Consulting firm Deloitte said the system has no major problems from a security perspective, but problems with defect tracking could make it more difficult and costly for MNsure to implement long-term fixes.
The second phase of a consultant's report sends mixed signals about the performance of MNsure's information technology system.
On one hand, MNsure has been failing to track all the defects with its website, with the new report tallying 399 open defects -- much higher than the 60 to 162 defects that officials thought they had to handle.
The finding prompted the consulting firm Deloitte to say problems with defect tracking could make it more difficult and costly for MNsure to implement fixes.
Even so, the MNsure system has no major problems from a security or privacy perspective, according to the new report, which was presented to MNsure's board of directors Wednesday.
Plus, MNsure has adequate "horsepower" to meet demands on the system, including an expected transition of some 800,000 people with public health insurance to the MNsure system over the next year, said Brian Keane, project principal with Deloitte Consulting LLP.
"While the complexity of the system might be mitigated in the short-term with remedies such as increased staffing levels, long-term maintenance may be more difficult and costly," Deloitte said in slides presented during a board meeting Wednesday in St. Paul.
The messages on MNsure's performance came from the latest releases from a five-part review that Deloitte started to present last month. The June report concluded only 26 of 73 website functions at MNsure were working as expected.
Board members did not comment on the report's findings about defects, which weren't mentioned by Keane during his presentation. He offered a general assessment of progress.
"The organization is mobilizing. The collective state project teams ... are, frankly, rallying around this," Keane replied. But he added: "I don't want to paint too rosy a picture. ... It's going to be hard."
Minnesota launched the MNsure website last year to implement the federal Affordable Care Act, which requires almost all Americans to have health insurance or pay a tax penalty. The health insurance marketplace -- also called an "exchange" -- was meant to make it easier for people to buy coverage, and check whether they qualify for federal subsidies and public health insurance programs.
The rollout was rocky. By December, thousands were so frustrated with the MNsure website that they endured hour-long waits for help at an overwhelmed call center.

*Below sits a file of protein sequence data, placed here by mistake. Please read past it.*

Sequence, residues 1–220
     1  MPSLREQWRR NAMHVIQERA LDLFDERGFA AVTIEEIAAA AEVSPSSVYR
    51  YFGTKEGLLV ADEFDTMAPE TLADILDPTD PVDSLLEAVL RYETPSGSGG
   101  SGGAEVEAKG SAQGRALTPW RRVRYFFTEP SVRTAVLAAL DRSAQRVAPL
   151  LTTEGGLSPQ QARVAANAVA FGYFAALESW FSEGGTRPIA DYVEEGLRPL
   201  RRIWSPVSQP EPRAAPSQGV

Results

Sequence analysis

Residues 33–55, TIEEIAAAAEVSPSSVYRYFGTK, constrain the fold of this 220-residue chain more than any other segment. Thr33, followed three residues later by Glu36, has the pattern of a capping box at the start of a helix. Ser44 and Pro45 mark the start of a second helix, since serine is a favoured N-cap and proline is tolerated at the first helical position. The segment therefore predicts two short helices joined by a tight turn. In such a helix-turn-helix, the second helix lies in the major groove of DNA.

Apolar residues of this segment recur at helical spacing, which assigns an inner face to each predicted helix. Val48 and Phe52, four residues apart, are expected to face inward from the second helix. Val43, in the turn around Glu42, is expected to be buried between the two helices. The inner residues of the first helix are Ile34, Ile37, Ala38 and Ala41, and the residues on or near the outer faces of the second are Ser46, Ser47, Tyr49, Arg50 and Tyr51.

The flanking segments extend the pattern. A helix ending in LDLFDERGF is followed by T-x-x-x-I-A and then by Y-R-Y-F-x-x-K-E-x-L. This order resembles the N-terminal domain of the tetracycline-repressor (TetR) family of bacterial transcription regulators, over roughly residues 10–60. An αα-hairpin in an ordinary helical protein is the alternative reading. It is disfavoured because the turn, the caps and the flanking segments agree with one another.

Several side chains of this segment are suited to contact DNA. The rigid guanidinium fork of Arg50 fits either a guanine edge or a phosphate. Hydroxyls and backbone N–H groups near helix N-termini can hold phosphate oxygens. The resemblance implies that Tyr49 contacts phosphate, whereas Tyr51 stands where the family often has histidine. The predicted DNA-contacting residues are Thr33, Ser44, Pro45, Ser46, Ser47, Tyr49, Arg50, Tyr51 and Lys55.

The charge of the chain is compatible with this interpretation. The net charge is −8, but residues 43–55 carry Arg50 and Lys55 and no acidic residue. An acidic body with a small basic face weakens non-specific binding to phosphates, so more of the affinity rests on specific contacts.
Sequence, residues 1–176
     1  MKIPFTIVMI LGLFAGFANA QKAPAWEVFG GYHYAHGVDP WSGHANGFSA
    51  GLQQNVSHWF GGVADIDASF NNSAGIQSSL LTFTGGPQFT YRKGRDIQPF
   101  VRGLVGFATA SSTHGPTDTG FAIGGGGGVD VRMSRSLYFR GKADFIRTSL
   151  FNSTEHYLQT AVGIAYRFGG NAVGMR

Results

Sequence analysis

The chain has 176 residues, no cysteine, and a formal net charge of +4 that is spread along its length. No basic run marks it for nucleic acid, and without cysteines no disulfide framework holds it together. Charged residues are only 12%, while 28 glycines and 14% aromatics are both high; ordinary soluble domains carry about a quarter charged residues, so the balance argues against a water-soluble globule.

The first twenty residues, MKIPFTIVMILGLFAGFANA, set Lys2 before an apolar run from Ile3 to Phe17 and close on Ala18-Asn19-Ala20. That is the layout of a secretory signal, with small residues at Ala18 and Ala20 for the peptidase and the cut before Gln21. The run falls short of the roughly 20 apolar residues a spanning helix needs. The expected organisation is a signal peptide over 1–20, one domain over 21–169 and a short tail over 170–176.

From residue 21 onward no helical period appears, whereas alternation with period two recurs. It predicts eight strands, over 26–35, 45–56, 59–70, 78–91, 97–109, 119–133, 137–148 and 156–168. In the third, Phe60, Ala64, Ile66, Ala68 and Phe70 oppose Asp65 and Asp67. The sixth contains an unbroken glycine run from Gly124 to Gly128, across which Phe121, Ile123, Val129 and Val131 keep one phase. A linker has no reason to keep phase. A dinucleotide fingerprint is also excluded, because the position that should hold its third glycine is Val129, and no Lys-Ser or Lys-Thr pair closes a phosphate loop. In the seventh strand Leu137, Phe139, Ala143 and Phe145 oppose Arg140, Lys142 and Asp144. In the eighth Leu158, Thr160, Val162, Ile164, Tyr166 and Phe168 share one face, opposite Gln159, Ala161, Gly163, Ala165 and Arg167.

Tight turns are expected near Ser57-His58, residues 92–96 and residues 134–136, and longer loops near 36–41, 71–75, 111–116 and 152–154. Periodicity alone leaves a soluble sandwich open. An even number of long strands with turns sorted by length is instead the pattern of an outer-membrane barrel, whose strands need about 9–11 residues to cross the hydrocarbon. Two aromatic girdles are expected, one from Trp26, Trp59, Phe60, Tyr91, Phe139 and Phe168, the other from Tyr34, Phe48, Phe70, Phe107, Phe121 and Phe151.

The website got better this year, state officials say, as more staff helped to shorten call center wait times. As of July 10, a total of 259,049 people had obtained public and private health insurance through MNsure -- enrollments that have pushed the state's uninsured rate below 5 percent, state officials say.
Through it all, the relationship between the website troubles and the number of defects in the information technology system has been difficult to understand.
Before MNsure went live on Oct. 1, a company that tested MNsure's software alerted exchange officials that the number of open defects had increased from 237 to 270, with many defects being at the highest severity level. When Optum, a subsidiary of Minnetonka-based UnitedHealth Group, reviewed the website in January, the company's report tracked more than 400 defects.
But as bad as the defect tallies might sound, Deloitte spotlighted the issue because the tallies seemed low compared to industry standards, said Scott Leitz, the chief executive officer at MNsure.
"In a mature product, you'll find literally thousands of defects that exist within those products," Leitz said. "We need to continue to identify and track those, and we actually probably have fewer being tracked now than most of the exchanges do. So, there's continued work that needs to occur to make sure we're getting a full listing of the defects."
The board's discussion Wednesday focused on the 26 functional gaps identified in last month's report -- a list that has now grown to 30 priority items. MNsure is working to make sure that some of those 30 functions will be handled automatically through the website, Leitz said, while other functions will be handled with manual workarounds.
The need for workarounds caught the exchange by surprise last year, said board member Pete Benner, adding that it should be a different story when MNsure starts selling commercial policies again Nov. 15.
"We're going to be able to tell people clearly: Here's what we can do, here's what we can't do," Benner said during the board meeting.
Deloitte has now completed four out of five portions of its MNsure review. The exchange is paying the consulting firm $4.95 million for the assessment, as well as interim project management services.
The full report will help inform long-term decisions about whether to keep refining MNsure's information technology system, or to jump to a different one. The discussion will continue at future board meetings, said MNsure spokesman Joe Campbell.
©2014 the Pioneer Press (St. Paul, Minn.)